We call one another into service using our individual public narratives. Sharing our public narratives harnesses our emotional resources to activate courage in others and to inspire them to identify shared values and purpose. Sharing our personal stories of tragedy and triumph helps others relate with our own lived experiences and motivates them to join you in your work.

When we’ve brought our peers and supporters on board, we then develop our strategy. Strategy implicitly (sometimes explicitly) requires a discussion of power and the imbalance of power in the world. We strategize with our supporters and peers to understand our community’s inherent strengths and power in order to understand how to best enhance that power to the community’s benefit. Ganz cites the example of the Montgomery bus boycott. African Americans used the collective power of their feet/walking as a power over the bus company to force them to change their policies. Identifying this shared power, and harnessing that power collectively is integral to systems change.

When we’ve created a strategy to enhance community power we then have to create structure within which that power is harnessed. Histories of lived experience prove that collective impact and systems change efforts cannot be accomplished through the leadership of one person alone – rather, a distributed leadership model that calls on the strengths and talents of many people empowers collective impact to soldier on in the face of intense resistance that every change process inevitably faces.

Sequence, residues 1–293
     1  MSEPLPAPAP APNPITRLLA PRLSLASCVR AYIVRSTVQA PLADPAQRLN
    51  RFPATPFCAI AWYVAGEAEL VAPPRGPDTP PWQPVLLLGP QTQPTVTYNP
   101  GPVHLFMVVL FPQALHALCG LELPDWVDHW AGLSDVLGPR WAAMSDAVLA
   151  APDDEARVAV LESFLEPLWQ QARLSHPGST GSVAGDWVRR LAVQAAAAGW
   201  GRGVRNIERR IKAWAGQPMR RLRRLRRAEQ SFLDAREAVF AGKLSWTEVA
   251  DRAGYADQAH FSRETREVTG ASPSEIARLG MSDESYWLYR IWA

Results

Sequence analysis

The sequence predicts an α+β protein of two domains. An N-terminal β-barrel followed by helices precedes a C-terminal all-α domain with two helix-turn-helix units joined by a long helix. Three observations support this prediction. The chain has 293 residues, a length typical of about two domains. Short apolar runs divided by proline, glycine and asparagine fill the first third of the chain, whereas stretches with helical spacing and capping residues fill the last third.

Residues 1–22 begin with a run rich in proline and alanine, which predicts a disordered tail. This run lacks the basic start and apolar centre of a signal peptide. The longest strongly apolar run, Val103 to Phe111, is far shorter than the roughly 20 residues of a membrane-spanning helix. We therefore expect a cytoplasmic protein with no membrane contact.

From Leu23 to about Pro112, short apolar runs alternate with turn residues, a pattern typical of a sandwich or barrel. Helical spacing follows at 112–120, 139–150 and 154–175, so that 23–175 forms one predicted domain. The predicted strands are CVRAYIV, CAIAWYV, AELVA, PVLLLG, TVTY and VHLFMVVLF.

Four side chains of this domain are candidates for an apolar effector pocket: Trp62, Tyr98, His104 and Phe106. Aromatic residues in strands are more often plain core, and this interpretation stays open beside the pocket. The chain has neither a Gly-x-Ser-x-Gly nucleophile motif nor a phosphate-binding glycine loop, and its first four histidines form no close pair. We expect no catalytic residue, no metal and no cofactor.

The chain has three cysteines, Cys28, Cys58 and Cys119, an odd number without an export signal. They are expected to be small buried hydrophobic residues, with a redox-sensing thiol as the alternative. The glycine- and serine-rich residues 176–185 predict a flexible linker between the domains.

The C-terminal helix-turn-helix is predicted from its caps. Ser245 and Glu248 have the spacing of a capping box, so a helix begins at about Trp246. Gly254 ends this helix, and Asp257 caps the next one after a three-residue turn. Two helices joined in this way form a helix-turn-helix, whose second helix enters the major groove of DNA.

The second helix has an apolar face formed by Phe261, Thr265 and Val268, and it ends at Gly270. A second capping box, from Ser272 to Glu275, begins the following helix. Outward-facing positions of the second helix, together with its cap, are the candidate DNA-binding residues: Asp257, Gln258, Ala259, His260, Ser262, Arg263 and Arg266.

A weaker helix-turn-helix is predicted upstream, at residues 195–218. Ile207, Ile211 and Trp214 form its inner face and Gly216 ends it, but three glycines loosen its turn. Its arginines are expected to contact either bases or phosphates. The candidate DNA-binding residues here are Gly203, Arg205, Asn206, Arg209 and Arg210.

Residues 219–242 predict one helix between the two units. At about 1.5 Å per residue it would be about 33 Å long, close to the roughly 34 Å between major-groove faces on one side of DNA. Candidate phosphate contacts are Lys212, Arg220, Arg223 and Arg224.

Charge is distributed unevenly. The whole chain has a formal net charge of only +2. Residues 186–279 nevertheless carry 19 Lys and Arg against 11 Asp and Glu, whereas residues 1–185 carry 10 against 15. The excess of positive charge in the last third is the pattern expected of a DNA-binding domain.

Finally, the change process requires action. Ganz cautions that while strategizing and building structure are necessary we must act sooner than later. Years of strategizing and coalition building might be necessary, but they should not impede action; therefore, we must act as soon as we are able, and learn as we go. We must learn from our successes, but just as importantly we must learn from our failures. All actions provide opportunities for learning, whether successful or not. Assessing and learning from our actions necessarily leads to better outcomes and ultimately to systems change.

These elements, when combined to serve our collective impact movements, empower our communities to harness their inherent talents to overcome systematic oppression and build equity. Thread has chosen to utilize Ganz’s framework as a way to: (1) build stronger relationships between community partnerships, (2) to write our individual and collective public narratives, (3) and (4) to identify strategies and structures that empower our communities, and (5) to decide on collective action that creates a stronger, more equitable, and just St Louis.